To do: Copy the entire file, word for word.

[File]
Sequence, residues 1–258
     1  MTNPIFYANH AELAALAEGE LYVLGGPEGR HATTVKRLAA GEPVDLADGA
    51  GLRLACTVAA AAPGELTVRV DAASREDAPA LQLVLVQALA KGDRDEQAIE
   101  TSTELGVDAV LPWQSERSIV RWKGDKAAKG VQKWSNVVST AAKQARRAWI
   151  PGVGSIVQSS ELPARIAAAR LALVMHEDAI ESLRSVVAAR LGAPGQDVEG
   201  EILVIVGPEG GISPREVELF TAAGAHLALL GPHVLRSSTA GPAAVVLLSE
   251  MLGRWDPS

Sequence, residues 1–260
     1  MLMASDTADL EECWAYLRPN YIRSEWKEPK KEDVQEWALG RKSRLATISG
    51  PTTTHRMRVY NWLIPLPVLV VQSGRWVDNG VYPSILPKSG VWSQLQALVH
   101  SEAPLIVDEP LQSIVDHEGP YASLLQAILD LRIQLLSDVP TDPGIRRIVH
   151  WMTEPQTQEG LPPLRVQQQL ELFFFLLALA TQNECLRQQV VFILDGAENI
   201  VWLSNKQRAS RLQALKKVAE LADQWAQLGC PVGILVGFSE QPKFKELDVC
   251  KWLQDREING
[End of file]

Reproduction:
Sequence, residues 1–258
     1  MTNPIFYANH AELAALAEGE LYVLGGPEGR HATTVKRLAA GEPVDLADGA
    51  GLRLACTVAA AAPGELTVRV DAASREDAPA LQLVLVQALA KGDRDEQAIE
   101  TSTELGVDAV LPWQSERSIV RWKGDKAAKG VQKWSNVVST AAKQARRAWI
   151  PGVGSIVQSS ELPARIAAAR LALVMHEDAI ESLRSVVAAR LGAPGQDVEG
   201  EILVIVGPEG GISPREVELF TAAGAHLALL GPHVLRSSTA GPAAVVLLSE
   251  MLGRWDPS

Sequence, residues 1–260
     1  MLMASDTADL EECWAYLRPN YIRSEWKEPK KEDVQEWALG RKSRLATISG
    51  PTTTHRMRVY NWLIPLPVLV VQSGRWVDNG VYPSILPKSG VWSQLQALVH
   101  SEAPLIVDEP LQSIVDHEGP YASLLQAILD LRIQLLSDVP TDPGIRRIVH
   151  WMTEPQTQEG LPPLRVQQQL ELFFFLLALA TQNECLRQQV VFILDGAENI
   201  VWLSNKQRAS RLQALKKVAE LADQWAQLGC PVGILVGFSE QPKFKELDVC
   251  KWLQDREING